Entropy = log2(n^k) where n = character set length and k is the password length. This can be written as k*log2(n).

The entropy of one character taken at random is then log2(n). In prohibiting that character from repetition the entropy of the next character taken at random is log2(n-1). In taking k characters the total entropy is:-

Code:

Entropy (No repetition) = log2(n) + log2(n-1) + ... + log2(n-(k-1)) = log2(n*(n-1)* ... *(n-(k-1)) = log2(n!/(n-k)!)

In general, I favour allowing repetitions but the application here, called PWO.exe, has an option to prevent repetitions - the default being non-selection.

The power of password length over character set complexity is illustrated by considering a single character password and a multiple, m, of the character set length giving log2(n*m) = log2(n) + log2(m) which simplifies to log2(n) + 1 when m=2. So, doubling the complexity, for example, gives an increase of one bit per password character.

We get one bit of entropy per character for a character set of just two characters, 4.7 bits for 26 characters and 5.7 bits for 52 characters. In the latter case we can increase the total entropy by 5.7 bits just by adding one more character to the password.

Clearly, the total entropy is much more sensitive to password length than it is to character set complexity. So, even with a restrictive character set we could have a strong password provided it was sufficiently long. An alphanumeric set, for example, of 62 characters gives 5.95 bits per character. A strong password, exceeding 128 bits, can be got provided its length exceeded 21 characters ( chosen at random ); which, of course, may not be allowed in some cases.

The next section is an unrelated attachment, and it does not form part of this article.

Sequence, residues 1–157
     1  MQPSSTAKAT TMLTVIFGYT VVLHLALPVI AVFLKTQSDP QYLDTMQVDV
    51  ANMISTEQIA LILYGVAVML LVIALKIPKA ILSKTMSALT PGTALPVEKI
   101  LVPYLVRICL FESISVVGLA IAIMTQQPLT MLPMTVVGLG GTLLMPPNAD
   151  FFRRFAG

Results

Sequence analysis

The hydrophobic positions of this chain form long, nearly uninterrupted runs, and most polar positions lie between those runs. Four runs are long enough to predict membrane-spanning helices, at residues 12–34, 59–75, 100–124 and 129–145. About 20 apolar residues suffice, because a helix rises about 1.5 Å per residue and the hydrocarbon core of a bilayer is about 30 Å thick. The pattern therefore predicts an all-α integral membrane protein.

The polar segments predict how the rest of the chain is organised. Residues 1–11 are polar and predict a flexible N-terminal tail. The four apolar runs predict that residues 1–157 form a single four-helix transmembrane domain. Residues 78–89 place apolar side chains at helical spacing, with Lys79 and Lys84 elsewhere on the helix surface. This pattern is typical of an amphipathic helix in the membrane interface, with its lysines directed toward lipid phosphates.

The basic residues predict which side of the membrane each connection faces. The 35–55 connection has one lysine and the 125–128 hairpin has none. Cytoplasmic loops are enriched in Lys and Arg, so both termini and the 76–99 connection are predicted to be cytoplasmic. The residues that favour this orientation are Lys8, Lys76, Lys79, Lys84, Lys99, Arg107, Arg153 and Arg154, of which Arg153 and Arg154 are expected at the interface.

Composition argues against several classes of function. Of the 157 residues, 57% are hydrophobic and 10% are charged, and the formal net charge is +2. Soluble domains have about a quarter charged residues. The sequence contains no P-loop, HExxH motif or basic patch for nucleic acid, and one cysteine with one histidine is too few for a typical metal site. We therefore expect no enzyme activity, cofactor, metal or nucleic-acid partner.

Here is the form which is top down designed.

I have found that choosing the character set is easier done by selecting all of the subsets and then deselect those which cannot be used and then add additional characters in the custom character set text box, if any, that may be allowed.

If the custom character set is selected any entries cannot be repeated within its text box and nor can any entries repeat any available in any chosen subset above. 'Violations' are reported and the first, if more than one, character is highlighted.

The entries in the Plaintext password text box must, of course, only be those available in the chosen character set and offending entries are highlighted here too.

The Ciphertext box is unusual in that it does not obscure characters. This is a 'playing around' mode. In use the command switch '/secret' will see the Ciphertext text box removed. On clicking the Obfuscate button the Ciphertext password is placed onto the Clipboard for pasting to whatever requires the password. The Clipboard is reset on closing the application. If you have a Clipboard manager then a history will be kept and you may need to attend to that manually.

In 'playing around' mode I found that the application is better to be Topmost and in '/secret' mode it was found to be better not to be Topmost. Topmost is determined automatically.

The password text boxes use 10 point Courier to aid readability.

There is a status bar which details the password length, entropy (dependent upon allowing repetitions or not) and time taken; including reading a Seed file, if used. The entropy is calculated using the NIST formula assuming that my contention of the Ciphertext password being indistinguishable from one taken at random is true.

You may be very organised with your passwords and use something like TrueCrypt. However, how do you open TrueCrypt? TrueCrypt allows all of PWO's character subsets except the Alr Gr set (áéíóú) and passwords up to 64 characters long are allowed.

How about this 57 character password?

K=~jJYe6P(W)9*gzm_t"[email protected];|O~z`/MnbL^D0\nd_rS$1lK2u9o1Y$

With repetitions allowed the entropy is 374.5 bits. A brute force attack on the Ciphertext password will, on average, succeed at 2^(374.5/2) attempts. That is greater than 10^56. There is not a computer on the planet fast enough to get anyway near that and that may the case for some time to come.

The Plaintext password is:-

The time has come the walrus said to talk of many things.

There is an issue which I have not been able to resolve. '&' is available in the "`! ... .?" character set but it does not get displayed in a control's label. Obviously, this has something to do with hot-keys. How can I display '&'.